The following press release was sent to the Bloomingtonian Friday:
“FOR IMMEDIATE RELEASE: CONTACT: Ashley Bergquist
September 2, 2022 812-803-6362
Or Lori Kelley
WEST NILE VIRUS MOSQUITOES FOUND IN MONROE COUNTY
Bloomington, IN –The Monroe County Health Department confirms that samples or pools of mosquitoes (up to 100 mosquitoes per pool may be tested) have tested positive for West Nile Virus in Monroe County. Samples were collected by the Indiana Department of Health as part of their mosquito surveillance program.
“You can help protect your family and your community from West Nile Virus by eliminating areas of standing water available for mosquito breeding in or near your property,” says Environmental Health Specialist Simeon Baker, who manages Monroe County’s mosquito surveillance program.
The mosquitoes that carry the West Nile Virus breed in places like ditches, open septic systems, discarded tires, birdbaths, unused wading pools, untended swimming pools and swimming pool covers, clogged roof gutters and any unused containers that hold water for days at a time. According to Baker, a bucket that has stagnant water in it for seven days can become home to up to a thousand mosquitoes. To avoid stagnant water, residents can take the following actions:
Think “Tip or Toss” – Drain and/or discard old tires, ceramic pots or other containers that can hold stagnant water
Repair failed septic systems
Drill holes in the bottom of recycling containers left outdoors
Clean clogged roof gutters
Keep grass cut short and shrubbery trimmed
Flush ornamental fountains and birdbaths periodically
Aerate ornamental pools, or stock them with predatory fish
Frequently replace the water in pet bowls
Install or repair screens on windows and doors to keep mosquitoes out of the home
West Nile Virus
West Nile Virus is transmitted to humans by mosquitoes that have first bitten an infected bird. A person who is bitten by an infected mosquito may show symptoms 3 to 15 days after the bite. Most people who become infected with West Nile Virus will have either no symptoms or mild symptoms.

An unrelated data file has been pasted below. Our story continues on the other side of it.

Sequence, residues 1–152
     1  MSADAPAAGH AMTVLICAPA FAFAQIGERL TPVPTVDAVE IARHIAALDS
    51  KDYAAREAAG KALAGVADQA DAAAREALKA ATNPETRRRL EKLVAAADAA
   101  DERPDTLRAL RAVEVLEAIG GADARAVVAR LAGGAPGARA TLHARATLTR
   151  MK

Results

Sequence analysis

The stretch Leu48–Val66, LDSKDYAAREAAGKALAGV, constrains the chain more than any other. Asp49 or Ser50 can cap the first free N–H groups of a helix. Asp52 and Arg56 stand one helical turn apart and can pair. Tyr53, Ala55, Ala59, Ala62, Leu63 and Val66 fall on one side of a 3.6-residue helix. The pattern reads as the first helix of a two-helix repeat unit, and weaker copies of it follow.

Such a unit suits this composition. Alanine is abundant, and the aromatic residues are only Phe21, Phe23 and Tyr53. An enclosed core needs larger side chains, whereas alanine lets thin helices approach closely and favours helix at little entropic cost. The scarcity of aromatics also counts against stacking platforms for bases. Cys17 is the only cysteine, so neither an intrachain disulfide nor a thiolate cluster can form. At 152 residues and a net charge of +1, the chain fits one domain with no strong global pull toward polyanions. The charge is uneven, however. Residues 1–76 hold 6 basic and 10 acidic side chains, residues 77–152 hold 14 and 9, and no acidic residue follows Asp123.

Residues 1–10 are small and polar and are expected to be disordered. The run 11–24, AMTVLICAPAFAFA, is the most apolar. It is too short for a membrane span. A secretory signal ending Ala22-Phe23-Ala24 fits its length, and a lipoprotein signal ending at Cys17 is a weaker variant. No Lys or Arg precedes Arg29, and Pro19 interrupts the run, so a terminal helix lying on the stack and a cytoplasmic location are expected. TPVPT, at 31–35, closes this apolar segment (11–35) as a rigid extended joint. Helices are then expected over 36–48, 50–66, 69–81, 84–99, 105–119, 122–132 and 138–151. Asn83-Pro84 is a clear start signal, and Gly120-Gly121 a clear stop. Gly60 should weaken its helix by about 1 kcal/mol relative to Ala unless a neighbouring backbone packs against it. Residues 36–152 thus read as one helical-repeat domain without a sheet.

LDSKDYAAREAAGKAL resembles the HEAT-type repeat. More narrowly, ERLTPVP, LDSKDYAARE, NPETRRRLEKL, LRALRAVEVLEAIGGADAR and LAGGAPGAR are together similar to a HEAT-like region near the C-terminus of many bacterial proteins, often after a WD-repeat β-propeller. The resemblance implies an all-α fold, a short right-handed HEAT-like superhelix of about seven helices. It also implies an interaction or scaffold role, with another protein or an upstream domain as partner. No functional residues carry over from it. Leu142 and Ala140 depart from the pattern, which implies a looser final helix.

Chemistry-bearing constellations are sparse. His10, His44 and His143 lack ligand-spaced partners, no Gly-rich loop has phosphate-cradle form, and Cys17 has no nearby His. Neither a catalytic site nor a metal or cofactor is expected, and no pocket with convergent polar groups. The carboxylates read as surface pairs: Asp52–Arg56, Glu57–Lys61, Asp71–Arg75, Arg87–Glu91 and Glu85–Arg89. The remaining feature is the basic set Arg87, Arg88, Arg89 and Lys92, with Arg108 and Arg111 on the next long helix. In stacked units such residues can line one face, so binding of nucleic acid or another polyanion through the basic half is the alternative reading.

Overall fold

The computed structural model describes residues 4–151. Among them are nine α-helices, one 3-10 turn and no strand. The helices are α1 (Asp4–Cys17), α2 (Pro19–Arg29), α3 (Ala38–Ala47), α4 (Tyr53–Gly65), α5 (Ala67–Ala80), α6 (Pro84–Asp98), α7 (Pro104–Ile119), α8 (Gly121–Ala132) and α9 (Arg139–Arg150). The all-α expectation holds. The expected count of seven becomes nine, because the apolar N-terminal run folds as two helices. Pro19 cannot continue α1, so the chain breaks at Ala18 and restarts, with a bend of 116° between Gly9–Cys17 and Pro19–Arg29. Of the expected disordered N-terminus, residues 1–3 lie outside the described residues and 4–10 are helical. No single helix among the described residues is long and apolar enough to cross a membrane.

However, a few individuals will have a more severe form of the disease—encephalitis (inflammation of the brain) or meningitis (inflammation of the tissues that cover the brain and spinal cord). Health officials say that individuals over age 50 are at higher risk for serious illness. Persons who develop the following symptoms should see a doctor:
muscle weakness or paralysis
nausea or vomiting
There is no specific treatment for West Nile Virus, and no vaccine is available for humans.
Health officials recommend the following measures to prevent mosquito-borne diseases when venturing outside:
Avoid being outdoors when mosquitoes are active (especially late afternoon, dusk to dawn and early morning)
Apply an EPA-registered insect repellent containing DEET, picaridin, IR3535, oil of lemon eucalyptus or para-menthane-diol to clothes and exposed skin
Cover exposed skin by wearing a hat, long sleeves and long pants in places where mosquitoes are especially active, such as wooded areas
More information on West Nile Virus and other mosquito-borne diseases is available at https://www.in.gov/health/erc/zoonotic-and-vectorborne-epidemiology-entomology/diseases/west-nile-virus/.